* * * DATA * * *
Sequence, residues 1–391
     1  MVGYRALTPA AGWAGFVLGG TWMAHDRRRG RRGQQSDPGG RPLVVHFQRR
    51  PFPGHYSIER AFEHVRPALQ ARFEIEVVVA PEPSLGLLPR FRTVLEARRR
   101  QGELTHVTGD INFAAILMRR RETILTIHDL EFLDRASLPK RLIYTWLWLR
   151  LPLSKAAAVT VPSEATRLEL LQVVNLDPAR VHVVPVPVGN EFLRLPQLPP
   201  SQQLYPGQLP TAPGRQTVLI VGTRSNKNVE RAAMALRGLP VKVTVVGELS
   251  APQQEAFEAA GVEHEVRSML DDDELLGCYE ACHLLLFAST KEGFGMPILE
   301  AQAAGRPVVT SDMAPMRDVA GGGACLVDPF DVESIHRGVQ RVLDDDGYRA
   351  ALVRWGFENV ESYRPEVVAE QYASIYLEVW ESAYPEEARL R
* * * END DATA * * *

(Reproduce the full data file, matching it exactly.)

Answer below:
Sequence, residues 1–391
     1  MVGYRALTPA AGWAGFVLGG TWMAHDRRRG RRGQQSDPGG RPLVVHFQRR
    51  PFPGHYSIER AFEHVRPALQ ARFEIEVVVA PEPSLGLLPR FRTVLEARRR
   101  QGELTHVTGD INFAAILMRR RETILTIHDL EFLDRASLPK RLIYTWLWLR
   151  LPLSKAAAVT VPSEATRLEL LQVVNLDPAR VHVVPVPVGN EFLRLPQLPP
   201  SQQLYPGQLP TAPGRQTVLI VGTRSNKNVE RAAMALRGLP VKVTVVGELS
   251  APQQEAFEAA GVEHEVRSML DDDELLGCYE ACHLLLFAST KEGFGMPILE
   301  AQAAGRPVVT SDMAPMRDVA GGGACLVDPF DVESIHRGVQ RVLDDDGYRA
   351  ALVRWGFENV ESYRPEVVAE QYASIYLEVW ESAYPEEARL R